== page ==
3-5-2 has served England well in the last year.
Gareth Southgate’s preferred formation was instrumental in the Three Lions’ run to the World Cup semi-finals.
But it seems the likeable gaffer is about to ditch his three-man defence in favour of 4-3-3.
The probably line-up for tonight’s game against Croatia in Rijeka features Kyle Walker, John Stones, Harry Maguire and Ben Chilwell in a back four.
Ross Barkley is expected to start in midfield alongside Eric Dier and Jordan Henderson while Harry Kane is flanked by Raheem Sterling and Marcus Rashford up front.
One man who will happy with this change is Kyle Walker.
The Man City defender has been playing as a right-sided centre-back for England and he’s made no secret that prefers to play as a full-back/wing-back.
If England do permanently switch to a back four, what will it mean for Kieran Trippier?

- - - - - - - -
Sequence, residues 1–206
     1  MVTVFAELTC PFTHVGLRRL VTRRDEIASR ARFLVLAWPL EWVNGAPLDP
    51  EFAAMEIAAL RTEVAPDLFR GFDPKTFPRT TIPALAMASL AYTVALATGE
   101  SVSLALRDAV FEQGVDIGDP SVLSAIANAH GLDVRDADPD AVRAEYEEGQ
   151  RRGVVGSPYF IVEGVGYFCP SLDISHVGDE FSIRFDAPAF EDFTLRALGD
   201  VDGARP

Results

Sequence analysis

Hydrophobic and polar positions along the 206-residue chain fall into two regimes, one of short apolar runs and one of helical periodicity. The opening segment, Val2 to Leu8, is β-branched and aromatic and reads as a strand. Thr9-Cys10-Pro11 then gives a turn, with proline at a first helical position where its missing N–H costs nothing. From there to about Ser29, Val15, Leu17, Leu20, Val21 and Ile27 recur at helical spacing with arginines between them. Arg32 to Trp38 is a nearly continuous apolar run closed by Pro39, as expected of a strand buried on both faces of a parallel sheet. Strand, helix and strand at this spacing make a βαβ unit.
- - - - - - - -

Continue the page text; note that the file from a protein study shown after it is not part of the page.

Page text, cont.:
The Spurs right-back was arguably England’s best player during the World Cup but 4-3-3 only leaves one place for Trippier and Walker to fight over.
Stones and Maguire’s ball-playing ability will allow England to continue playing out from the back while Walker will fulfil the role he occupies for City.
Defence hasn’t really been England’s problem; that’s midfield.
There is a sense that we are all waiting for a creative playmaker to emerge and solve the puzzle.
James Maddison, Phil Foden and several others have been tipped as the missing piece.
While Southgate would love Spanish-style No10, he has recognised the need to be proactive with a change in approach.
Dier-Henderson-Barkley in midfield is a combination that may not inspire fans.
While Barkley is a more attacking option, he’s not the kind to provide a defence-splitting pass.
Compare England’s midfield to Croatia’s (Ivan Rakitic-Luka Modric-Mateo Kovacic) and it lacks inventiveness.
Southgate’s primary task now is to build a balanced midfield capable of softening the harm done by the lack of a natural No10.
First though, revenge over Croatia is at hand…